The small act of civil disobedience is popular, but could carry risk.

By Melissa Locker
April 12, 2016

Taiwan’s long, ongoing dispute with China has hit the front pages—of each country’s passports.

In most countries, it’s illegal to modify your passport in any way, but Taiwan’s Parliament just passed a law giving their citizens the go-ahead to make one little alteration to their travel documents.

The government has given their seal of approval to anyone who wants to use a sticker that covers the words “Republic of China” and replaces it with “Republic of Taiwan.” It’s a subtle act of promoting Taiwanese independence, the BBC reports.

While Taiwanese immigration officials have no problem with the stickers—and no one who has one will be punished for modifying or altering their passports—the act does not come without repercussions. In drafting the law, the government made it clear that anyone who puts the sticker on their passport “bear[s] the risks” of repercussions elsewhere. So far, there have been some consequences for the small act of civil disobedience.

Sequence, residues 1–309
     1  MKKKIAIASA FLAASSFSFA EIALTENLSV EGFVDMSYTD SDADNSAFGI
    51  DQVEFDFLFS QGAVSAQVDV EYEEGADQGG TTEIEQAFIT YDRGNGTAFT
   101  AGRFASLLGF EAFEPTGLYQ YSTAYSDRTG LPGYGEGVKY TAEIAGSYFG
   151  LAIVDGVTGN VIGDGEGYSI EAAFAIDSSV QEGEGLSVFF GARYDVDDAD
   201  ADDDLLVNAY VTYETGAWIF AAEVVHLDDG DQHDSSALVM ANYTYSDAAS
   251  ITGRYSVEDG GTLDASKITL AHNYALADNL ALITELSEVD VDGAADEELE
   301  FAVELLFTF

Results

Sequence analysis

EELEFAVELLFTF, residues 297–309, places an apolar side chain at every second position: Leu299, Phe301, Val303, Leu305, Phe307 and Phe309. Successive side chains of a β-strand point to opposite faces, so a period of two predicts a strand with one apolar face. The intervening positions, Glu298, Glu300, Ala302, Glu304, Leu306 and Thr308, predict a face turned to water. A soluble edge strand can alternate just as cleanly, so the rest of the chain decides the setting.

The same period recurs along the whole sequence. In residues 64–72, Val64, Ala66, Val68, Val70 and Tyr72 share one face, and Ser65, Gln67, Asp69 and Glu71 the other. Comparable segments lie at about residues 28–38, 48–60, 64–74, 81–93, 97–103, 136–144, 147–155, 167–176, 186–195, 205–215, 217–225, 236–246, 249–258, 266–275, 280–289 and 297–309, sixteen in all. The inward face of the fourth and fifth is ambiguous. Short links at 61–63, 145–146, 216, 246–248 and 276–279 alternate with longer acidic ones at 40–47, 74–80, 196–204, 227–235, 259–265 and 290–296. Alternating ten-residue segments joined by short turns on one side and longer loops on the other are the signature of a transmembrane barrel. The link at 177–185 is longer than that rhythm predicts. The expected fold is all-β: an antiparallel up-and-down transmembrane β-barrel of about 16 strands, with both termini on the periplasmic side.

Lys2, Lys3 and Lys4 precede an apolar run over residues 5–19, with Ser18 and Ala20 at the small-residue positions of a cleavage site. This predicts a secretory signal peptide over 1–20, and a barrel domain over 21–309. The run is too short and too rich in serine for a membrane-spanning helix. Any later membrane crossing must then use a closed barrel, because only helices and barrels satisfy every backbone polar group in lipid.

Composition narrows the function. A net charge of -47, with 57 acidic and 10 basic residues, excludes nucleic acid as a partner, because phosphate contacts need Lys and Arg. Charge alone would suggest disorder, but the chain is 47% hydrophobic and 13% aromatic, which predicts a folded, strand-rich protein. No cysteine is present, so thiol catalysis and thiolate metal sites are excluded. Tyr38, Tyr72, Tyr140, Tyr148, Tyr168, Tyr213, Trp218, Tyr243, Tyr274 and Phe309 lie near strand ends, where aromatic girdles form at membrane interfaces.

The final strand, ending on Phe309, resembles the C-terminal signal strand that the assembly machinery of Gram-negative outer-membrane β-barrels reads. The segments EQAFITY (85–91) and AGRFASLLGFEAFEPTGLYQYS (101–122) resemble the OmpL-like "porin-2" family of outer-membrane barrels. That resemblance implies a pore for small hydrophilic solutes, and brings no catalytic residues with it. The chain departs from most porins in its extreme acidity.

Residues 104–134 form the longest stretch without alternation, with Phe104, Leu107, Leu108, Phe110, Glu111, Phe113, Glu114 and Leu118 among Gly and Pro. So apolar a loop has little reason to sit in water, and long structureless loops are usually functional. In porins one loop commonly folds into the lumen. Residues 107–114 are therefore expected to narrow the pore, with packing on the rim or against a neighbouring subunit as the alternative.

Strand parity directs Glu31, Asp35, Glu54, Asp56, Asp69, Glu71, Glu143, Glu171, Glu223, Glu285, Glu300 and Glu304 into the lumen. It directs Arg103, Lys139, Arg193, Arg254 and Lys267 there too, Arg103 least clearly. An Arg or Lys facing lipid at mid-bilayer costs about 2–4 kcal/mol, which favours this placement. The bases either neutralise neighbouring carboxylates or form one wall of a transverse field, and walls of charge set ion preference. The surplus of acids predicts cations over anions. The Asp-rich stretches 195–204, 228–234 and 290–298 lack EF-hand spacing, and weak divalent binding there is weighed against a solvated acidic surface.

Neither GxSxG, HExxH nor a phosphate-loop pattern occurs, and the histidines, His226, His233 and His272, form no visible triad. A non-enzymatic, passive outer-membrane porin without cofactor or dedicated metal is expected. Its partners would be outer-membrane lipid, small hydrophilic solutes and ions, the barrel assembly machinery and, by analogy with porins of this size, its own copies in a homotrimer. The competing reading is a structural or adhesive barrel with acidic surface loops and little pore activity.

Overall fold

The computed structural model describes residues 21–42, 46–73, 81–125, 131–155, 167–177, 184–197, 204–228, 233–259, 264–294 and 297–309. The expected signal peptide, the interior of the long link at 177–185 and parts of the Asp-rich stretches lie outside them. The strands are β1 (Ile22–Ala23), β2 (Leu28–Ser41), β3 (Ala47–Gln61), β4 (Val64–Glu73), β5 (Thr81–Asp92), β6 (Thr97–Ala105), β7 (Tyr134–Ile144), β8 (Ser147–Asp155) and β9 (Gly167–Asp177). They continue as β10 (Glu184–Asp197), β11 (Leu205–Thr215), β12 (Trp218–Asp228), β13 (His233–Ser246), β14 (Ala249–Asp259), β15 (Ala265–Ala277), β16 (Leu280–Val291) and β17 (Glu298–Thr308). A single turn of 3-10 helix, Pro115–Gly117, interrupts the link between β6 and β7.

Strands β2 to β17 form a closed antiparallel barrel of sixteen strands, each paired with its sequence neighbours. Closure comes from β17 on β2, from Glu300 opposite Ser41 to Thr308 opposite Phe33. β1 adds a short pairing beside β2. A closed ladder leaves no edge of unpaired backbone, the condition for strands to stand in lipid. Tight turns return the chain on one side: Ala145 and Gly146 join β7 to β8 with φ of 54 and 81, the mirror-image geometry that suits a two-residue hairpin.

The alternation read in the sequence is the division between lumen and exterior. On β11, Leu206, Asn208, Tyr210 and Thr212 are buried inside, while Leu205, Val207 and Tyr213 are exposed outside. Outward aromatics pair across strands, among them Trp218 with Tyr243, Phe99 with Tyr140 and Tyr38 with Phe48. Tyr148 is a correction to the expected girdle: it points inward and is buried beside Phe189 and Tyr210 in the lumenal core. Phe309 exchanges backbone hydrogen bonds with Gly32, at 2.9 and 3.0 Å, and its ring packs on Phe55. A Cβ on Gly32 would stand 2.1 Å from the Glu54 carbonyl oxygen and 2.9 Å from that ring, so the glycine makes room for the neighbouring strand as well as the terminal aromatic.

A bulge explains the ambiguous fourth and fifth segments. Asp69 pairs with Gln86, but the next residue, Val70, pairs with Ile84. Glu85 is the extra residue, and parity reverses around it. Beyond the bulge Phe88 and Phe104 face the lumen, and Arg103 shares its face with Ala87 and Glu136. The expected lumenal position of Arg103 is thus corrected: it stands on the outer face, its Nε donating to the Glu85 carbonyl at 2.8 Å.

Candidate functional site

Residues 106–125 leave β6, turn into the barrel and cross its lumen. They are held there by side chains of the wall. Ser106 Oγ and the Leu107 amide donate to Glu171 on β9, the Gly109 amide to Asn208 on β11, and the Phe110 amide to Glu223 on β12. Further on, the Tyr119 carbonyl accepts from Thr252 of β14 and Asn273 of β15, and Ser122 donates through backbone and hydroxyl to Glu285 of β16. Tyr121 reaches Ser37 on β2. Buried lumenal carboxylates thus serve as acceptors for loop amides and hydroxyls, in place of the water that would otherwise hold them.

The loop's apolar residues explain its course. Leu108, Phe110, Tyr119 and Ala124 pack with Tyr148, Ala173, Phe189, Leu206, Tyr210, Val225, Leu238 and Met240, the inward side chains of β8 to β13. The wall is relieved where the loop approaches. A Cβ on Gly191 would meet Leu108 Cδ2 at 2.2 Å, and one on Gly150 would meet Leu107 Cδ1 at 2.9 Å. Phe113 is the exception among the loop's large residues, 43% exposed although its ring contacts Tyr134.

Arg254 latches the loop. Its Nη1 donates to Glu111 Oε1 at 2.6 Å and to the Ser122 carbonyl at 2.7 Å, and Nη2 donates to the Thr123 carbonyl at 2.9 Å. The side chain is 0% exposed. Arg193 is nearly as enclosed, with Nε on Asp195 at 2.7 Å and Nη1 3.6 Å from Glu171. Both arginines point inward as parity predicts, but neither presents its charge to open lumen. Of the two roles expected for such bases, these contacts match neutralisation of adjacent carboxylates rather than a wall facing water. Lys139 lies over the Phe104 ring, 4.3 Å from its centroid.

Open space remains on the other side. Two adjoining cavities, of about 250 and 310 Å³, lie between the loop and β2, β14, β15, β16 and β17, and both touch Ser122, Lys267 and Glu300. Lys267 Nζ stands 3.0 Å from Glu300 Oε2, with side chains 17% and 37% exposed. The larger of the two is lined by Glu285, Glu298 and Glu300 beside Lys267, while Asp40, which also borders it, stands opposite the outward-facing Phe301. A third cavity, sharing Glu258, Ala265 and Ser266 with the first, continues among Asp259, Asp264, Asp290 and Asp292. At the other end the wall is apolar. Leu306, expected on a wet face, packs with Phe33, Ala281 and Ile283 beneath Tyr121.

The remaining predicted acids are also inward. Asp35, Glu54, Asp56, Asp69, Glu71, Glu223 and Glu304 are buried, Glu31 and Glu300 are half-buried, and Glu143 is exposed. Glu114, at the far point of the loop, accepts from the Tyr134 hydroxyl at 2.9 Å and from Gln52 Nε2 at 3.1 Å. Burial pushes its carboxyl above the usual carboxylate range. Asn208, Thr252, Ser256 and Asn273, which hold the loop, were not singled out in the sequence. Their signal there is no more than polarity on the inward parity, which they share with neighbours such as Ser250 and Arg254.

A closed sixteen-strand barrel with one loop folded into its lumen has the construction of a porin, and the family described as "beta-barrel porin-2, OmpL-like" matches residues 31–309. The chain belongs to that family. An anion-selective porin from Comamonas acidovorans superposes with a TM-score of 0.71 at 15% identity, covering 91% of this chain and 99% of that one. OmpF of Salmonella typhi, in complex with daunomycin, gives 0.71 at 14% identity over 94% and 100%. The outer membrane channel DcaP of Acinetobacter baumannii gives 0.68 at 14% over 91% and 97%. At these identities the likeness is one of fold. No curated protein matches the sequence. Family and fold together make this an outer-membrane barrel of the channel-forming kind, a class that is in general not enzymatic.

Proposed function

According to the BBC, at least 15 people were denied entry to Macau, another of China’s administrative regions, after they affixed the politically charged stickers. Similarly, according to the Hong Kong Free Press, two Taiwanese travelers were not allowed to enter Hong Kong “on the grounds that their passports had been altered without permission.” The Hong Kong Free Press also notes that there is some concern the stickers could lead to denied entry to the United States, as altered passports may not be valid for travel there.

The Taiwan passport sticker movement has garnered more than 30,000 likes on its Facebook page since it started in 2015. There may be more coming, now that the Taiwanese government has made the act legal.